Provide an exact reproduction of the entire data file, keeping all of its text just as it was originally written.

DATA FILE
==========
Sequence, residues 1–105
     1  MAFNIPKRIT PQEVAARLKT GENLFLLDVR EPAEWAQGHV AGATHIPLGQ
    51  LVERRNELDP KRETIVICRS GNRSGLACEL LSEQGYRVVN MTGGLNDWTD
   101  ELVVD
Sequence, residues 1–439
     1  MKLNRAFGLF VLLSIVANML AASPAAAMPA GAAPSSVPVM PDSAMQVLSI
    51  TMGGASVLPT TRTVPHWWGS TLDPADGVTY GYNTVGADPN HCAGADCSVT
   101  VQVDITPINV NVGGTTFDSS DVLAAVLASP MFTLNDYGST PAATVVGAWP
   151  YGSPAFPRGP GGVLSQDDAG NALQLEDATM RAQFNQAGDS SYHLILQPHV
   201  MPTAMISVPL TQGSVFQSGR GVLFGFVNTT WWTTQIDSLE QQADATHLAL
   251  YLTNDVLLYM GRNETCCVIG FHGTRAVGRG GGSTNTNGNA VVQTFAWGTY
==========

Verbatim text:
Sequence, residues 1–105
     1  MAFNIPKRIT PQEVAARLKT GENLFLLDVR EPAEWAQGHV AGATHIPLGQ
    51  LVERRNELDP KRETIVICRS GNRSGLACEL LSEQGYRVVN MTGGLNDWTD
   101  ELVVD
Sequence, residues 1–439
     1  MKLNRAFGLF VLLSIVANML AASPAAAMPA GAAPSSVPVM PDSAMQVLSI
    51  TMGGASVLPT TRTVPHWWGS TLDPADGVTY GYNTVGADPN HCAGADCSVT
   101  VQVDITPINV NVGGTTFDSS DVLAAVLASP MFTLNDYGST PAATVVGAWP
   151  YGSPAFPRGP GGVLSQDDAG NALQLEDATM RAQFNQAGDS SYHLILQPHV
   201  MPTAMISVPL TQGSVFQSGR GVLFGFVNTT WWTTQIDSLE QQADATHLAL
   251  YLTNDVLLYM GRNETCCVIG FHGTRAVGRG GGSTNTNGNA VVQTFAWGTY